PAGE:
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_March 2008 _

Made two years before Toru Takemitsu’s untimely death in 1996, Music for the Movies: Toru Takemitsu is the final volume in the quartet of composer documentaries produced in the 1990s and released on DVD in the fall of 2007 by Kultur, and alongside the previously reviewed Bernard Herrmann doc, Charlotte Zwerin’s film is the most concise yet personable portrait of a genuine artist whose career easily could’ve continued for many more years in the concert and film worlds.

Takemitsu wasn’t prolific, and that’s perhaps partly due to his devoting time to concert works, and his very picky nature in choosing a film: it simply had to move him in some way.

Whether it was for the rare project outside of Japan or another score for one of several filmmakers with which he enjoyed long if not fruitful associations – Akira Kurosawa, Nagisa Oshima, Masahiro Shinoda, and Hiroshi Teshigahara – Takemitsu could recognize from an early screening of coarse rushes whether a project was worth the effort.

He never seemed to be an artist who took film work for extra income; a quick scan of his fairly modest filmography reveals films that were frequently strong social commentaries on Japanese issues rarely depicted or addressed in movies.

Zwerin’s direction is very simple and concise, and in her past work she’s focused her camera lens on subjects in very personable moments of reflection – qualities redolent of her association with Albert and David Maysles as co-director on Salesman (1968), Gimme Shelter (1970), Running Fence (1978), or as their editor on the brothers’ early shorts, A Visit with Truman Capote and the infamous Meet Marlon Brando (both 1966).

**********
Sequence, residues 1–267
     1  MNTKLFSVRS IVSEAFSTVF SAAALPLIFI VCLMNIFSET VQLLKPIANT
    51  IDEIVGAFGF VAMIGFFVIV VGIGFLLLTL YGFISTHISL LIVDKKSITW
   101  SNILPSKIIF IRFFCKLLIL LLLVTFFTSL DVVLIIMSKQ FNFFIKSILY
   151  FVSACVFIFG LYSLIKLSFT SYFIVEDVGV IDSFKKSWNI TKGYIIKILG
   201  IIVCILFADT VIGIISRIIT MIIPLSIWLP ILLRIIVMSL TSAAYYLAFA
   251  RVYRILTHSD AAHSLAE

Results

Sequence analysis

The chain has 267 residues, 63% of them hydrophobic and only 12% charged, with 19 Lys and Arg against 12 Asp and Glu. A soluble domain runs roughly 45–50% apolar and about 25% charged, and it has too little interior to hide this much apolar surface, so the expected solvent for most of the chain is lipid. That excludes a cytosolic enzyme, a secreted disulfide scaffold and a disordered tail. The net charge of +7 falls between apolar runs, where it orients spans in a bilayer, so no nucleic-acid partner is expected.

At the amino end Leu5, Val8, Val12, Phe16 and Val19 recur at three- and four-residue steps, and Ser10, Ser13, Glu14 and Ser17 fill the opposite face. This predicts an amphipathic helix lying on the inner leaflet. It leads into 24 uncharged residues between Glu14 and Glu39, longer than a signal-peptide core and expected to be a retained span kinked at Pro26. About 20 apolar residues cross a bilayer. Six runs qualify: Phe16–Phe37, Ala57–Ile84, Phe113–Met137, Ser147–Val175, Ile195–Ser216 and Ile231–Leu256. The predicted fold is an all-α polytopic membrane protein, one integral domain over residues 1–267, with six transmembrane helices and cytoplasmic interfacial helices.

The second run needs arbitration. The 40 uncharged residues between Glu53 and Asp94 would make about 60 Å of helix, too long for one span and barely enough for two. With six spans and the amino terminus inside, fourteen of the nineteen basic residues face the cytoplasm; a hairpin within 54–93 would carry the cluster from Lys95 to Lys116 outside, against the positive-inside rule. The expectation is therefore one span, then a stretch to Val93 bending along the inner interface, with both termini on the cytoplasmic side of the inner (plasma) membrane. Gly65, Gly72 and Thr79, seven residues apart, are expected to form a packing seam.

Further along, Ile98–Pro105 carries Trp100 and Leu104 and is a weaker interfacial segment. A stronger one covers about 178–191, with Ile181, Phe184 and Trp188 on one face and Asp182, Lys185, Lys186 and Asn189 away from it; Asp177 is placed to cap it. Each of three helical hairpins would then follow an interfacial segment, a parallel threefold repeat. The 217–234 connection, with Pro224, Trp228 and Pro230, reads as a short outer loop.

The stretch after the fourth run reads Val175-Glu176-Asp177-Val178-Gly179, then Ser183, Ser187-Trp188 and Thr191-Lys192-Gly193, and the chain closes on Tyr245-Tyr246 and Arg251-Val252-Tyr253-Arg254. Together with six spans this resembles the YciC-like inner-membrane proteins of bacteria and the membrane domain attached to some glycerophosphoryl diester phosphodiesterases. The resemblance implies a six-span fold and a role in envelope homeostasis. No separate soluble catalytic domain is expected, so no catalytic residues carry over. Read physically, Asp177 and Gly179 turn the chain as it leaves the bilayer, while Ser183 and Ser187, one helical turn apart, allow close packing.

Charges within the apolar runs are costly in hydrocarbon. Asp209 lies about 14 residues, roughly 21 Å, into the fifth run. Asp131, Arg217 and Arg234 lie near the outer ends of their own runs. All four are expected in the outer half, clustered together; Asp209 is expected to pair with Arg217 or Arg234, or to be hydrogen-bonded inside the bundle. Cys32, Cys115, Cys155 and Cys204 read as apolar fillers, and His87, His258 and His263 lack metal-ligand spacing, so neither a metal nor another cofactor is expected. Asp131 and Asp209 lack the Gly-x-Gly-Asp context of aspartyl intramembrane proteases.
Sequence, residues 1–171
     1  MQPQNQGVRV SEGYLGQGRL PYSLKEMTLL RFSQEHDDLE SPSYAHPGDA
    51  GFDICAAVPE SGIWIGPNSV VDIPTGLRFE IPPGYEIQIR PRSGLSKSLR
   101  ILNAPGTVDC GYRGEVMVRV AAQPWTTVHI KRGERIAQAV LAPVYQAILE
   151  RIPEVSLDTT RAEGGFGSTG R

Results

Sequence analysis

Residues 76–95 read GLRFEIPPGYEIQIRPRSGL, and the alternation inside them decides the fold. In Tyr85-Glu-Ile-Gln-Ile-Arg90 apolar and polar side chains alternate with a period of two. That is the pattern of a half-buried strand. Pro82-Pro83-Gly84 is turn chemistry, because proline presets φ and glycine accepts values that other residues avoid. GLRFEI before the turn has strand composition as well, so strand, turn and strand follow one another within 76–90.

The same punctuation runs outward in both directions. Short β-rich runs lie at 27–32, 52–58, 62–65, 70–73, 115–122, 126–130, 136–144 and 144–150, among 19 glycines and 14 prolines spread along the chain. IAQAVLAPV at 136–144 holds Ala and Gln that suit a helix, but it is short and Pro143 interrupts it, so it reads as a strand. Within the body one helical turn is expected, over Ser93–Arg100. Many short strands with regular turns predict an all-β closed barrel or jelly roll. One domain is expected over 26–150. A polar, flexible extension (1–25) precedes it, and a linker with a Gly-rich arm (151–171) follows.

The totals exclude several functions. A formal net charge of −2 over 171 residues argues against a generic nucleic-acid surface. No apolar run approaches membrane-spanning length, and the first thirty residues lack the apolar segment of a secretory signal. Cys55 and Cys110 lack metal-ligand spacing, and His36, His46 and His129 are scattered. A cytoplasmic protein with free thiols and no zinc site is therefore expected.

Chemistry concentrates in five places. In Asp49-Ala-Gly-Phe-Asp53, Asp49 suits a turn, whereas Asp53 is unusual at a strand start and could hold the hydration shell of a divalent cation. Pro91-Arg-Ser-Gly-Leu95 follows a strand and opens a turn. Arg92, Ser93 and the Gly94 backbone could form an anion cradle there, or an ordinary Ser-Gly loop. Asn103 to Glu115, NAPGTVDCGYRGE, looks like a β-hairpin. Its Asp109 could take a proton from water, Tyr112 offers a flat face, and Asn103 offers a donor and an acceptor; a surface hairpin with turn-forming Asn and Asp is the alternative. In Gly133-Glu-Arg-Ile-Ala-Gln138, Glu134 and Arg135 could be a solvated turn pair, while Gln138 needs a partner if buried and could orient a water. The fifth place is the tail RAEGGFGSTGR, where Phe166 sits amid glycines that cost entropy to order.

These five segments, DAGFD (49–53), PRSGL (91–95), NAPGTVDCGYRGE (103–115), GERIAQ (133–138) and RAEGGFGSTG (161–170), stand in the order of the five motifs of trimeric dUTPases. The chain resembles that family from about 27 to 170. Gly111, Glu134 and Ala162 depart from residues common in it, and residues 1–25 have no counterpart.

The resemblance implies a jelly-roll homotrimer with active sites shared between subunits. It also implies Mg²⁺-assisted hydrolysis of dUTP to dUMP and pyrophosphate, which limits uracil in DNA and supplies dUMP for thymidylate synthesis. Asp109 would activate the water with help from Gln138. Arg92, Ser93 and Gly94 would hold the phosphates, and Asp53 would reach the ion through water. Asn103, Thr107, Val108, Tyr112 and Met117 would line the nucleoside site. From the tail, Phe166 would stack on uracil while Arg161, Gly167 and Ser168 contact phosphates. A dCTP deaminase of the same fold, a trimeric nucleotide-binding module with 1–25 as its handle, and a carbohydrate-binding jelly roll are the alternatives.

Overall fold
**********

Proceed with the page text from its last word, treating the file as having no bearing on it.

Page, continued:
Her final work, which included Thelonious Monk: Straight, No Chaser (1988) and Ella Fitzgerald: Something to Live For (1999) dealt with musicians and composers, and in both films Zwerin drew from archival sources and current interviews and distilled the bare essentials of what made each subject unique within his/her idiom.

Takemitsu deals exclusively with the composer’s film work, and contains many film clips that address his peculiar obsession to create natural sounds using a musician’s performance techniques, engineering tweaks, and sometimes focusing only on specific sound effects performed, recorded, and edited into sharp musical statements. “Every single sound can be film music,” says the composer, and he describes his approach as being evocative of the design for the circular, spiraling pathways within a Japanese garden: it’s a journey that emphasizes the sound, images, and textures of natural living things, which in film dramas include the performances and emotions and themes of some very obsessive directors.

The film extracts span seminal works within Japan’s New Wave movement – Woman of the Dunes (1964) figures most prominently, as do other works by Teshigahara – and they illustrate how Takemitsu scored power struggles, paranoia, and fractured family relations, plus the two big subjects that often dominate his work: murder and suicide.

He’s admits to being baffled as to how he got pigeon-holed as one of the primary composers for these heavy, dour subjects, but Takemitsu also confesses an attraction to the eroticism that can be portrayed in films. Woman of the Dunes is erotic, but Takemitsu’s music is the farthest approach to such subject matter when compared to the standard Hollywood style.

Indeed, Takemitsu feels he may have been the first composer to feature Japanese instruments and musical concepts from his culture when many Japanese film composers emulated the western style of American and European composers. One gets a sense this remained an ongoing battle, as his original pitch to score Kurosawa’s Ran with human voices was ultimately nixed in favour of Mahler (which he regards, years later, as a good choice, but less risky and appropriate than the vocal approach originally vetted by the director).